16

Speaking nationally, Democrats currently have a 6%-7% advantage over Republicans in terms of voter representation. In fact, Democrats have a lead among every demographic group except white males without a college education. However, Democratic voters tend to be clustered in urban and suburban areas, which attenuates their voting power somewhat and leaves ...


15

This effect has been fairly well researched, for example by Schaffner, Streb, & Wright in their 2001 paper Teams Without Uniforms: The Nonpartisan Ballot in State and Local Elections in Political Research Quarterly. They examine a number of US elections, including those in the city of Asheville, North Carolina as it switched from partisan to nonpartisan ...


12

The data for this question, and many you ask, is readily available from the MIT Election Lab, specifically here I used the "U.S. President 1976-2020" dataset. The correlation between the figures you ask is r=-.08, p=.6. If you remove Utah, which had a successful third party candidate in Evan McMullin in 2016 (receiving 21.5% of the vote), the ...


5

I do not think that this single image alone supports the title assertion "higher turnout benefits Republicans." Trump stands out as a "Republican," because of his cult of personality, and the fact that he somehow cast himself as anti-establishment. So it's somewhat plausible to think he polled better among non-voters than voters. Remember ...


5

How long ago might this party have started advocating legislation with more restrictions? For the Republican party in particular it began with the Southern strategy to wrest control of southern states from the Democrats by attracting conservative white voters who were afraid of desegregation and the Civil Rights movement. Prior to this, southern states were ...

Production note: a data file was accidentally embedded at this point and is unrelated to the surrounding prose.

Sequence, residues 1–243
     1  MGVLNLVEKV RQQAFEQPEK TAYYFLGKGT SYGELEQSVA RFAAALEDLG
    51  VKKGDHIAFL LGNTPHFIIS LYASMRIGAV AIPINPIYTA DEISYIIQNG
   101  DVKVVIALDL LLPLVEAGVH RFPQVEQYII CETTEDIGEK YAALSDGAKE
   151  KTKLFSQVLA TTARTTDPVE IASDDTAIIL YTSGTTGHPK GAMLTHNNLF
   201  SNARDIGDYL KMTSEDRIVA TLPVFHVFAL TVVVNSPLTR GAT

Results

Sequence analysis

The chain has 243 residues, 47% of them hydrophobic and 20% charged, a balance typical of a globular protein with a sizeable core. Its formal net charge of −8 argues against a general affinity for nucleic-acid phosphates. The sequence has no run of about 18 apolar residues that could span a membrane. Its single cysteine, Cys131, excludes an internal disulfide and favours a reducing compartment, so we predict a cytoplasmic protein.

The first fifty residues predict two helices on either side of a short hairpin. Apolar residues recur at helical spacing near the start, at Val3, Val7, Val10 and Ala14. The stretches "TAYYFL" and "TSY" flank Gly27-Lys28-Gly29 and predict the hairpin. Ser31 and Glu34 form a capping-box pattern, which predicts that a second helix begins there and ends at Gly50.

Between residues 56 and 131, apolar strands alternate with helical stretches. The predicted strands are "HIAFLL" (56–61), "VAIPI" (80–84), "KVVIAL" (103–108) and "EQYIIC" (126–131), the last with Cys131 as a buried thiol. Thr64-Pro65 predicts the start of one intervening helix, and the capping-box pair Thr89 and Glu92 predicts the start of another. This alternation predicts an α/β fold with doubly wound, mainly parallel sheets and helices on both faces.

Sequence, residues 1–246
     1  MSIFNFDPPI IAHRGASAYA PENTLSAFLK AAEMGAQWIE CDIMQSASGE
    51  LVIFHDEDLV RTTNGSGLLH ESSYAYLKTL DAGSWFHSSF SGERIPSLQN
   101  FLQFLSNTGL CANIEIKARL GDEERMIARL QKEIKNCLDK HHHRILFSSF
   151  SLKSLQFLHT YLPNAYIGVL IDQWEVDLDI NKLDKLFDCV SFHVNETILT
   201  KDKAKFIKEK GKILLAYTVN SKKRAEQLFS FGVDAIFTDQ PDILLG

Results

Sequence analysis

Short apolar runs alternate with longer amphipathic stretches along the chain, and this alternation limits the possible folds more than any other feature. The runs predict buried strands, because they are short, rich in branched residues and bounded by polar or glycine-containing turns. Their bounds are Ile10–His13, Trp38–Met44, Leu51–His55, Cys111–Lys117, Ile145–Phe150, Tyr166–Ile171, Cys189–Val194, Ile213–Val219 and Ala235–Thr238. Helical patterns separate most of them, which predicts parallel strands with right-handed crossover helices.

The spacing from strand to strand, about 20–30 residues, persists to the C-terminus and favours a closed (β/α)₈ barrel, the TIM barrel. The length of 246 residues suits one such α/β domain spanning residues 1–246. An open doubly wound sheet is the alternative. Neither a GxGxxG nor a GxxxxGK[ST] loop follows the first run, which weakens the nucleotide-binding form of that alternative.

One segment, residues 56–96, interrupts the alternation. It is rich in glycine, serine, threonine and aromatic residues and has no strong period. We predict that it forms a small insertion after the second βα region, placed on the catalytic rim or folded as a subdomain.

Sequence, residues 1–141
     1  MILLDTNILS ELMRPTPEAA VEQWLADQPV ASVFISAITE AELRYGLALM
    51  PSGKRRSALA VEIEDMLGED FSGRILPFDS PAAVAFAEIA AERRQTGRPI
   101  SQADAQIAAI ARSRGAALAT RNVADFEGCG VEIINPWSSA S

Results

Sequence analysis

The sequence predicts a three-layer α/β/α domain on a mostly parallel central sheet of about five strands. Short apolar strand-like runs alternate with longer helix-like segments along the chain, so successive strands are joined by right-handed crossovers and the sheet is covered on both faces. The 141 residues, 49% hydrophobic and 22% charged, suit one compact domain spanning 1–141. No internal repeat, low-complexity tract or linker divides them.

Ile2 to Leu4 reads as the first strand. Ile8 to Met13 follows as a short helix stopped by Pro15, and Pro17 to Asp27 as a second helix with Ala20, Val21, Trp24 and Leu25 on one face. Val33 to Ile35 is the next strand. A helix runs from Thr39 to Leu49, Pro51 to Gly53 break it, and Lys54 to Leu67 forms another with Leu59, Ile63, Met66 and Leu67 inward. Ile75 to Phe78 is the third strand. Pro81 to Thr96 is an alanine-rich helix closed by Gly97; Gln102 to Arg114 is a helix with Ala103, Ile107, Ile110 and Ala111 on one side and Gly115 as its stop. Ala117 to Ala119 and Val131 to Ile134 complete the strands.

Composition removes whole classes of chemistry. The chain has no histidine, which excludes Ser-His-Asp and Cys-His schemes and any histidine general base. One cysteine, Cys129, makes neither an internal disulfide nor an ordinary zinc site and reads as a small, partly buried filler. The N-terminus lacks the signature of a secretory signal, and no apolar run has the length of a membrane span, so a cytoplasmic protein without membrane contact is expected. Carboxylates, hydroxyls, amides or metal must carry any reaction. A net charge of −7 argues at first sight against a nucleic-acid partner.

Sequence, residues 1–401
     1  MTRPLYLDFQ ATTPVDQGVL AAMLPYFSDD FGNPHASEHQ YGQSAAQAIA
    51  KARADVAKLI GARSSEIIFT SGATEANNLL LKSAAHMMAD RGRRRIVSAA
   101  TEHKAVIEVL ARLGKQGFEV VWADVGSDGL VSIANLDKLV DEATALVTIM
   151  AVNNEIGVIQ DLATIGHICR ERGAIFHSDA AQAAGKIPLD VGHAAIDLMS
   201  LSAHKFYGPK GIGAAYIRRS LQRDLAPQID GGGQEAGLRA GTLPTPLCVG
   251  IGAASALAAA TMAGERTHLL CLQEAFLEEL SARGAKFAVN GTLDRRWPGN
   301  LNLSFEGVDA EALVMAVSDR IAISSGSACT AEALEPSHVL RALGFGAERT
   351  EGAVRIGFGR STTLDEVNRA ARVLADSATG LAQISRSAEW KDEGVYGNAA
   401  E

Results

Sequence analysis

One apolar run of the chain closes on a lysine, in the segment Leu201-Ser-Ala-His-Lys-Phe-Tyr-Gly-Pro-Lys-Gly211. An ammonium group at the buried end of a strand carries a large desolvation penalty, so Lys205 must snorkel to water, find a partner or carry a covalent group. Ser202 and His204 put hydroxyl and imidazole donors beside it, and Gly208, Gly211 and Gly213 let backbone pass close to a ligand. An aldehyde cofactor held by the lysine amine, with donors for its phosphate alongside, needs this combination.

4

"Why" questions of this type are hard. Many of the trends that can be observed in different demographic "slices" counteract each other. Still, you could gain insight analyzing in terms of the correlations between education, party affiliation, turnout, age, wealth/income, race, and urban/rural location. By default, young voters have ...


3

In the UK, elections, and referendums are decided by those who vote. Those who don't vote are ignored. There is no claim made that the voters form a statistically representative sample of the electorate. Merely that the winner of the election is decided only by the votes that are cast. From the AV election legislation: The Minister must make an order ...


1

I don't think that there is a general answer. It depends upon how credible the pitch is. Online disseminated election boycotts that have had success have occurred abroad in the past, and somebody probably heeds any message out of hundred of millions of voters. But, I'm not aware of scholarly research addressing the question, or even credible quantitative ...


1

TLDR: they estimate turnout rates using data from the British Election Study, which in some cases has validated vote records. The answer to your question is yes, at least for the 2017 election. From their article in the International Journal of Forecasting: For each application, we estimated the conditional probability of turnout p(T_i = 1|X_i) as a ...


Only top voted, non community-wiki answers of a minimum length are eligible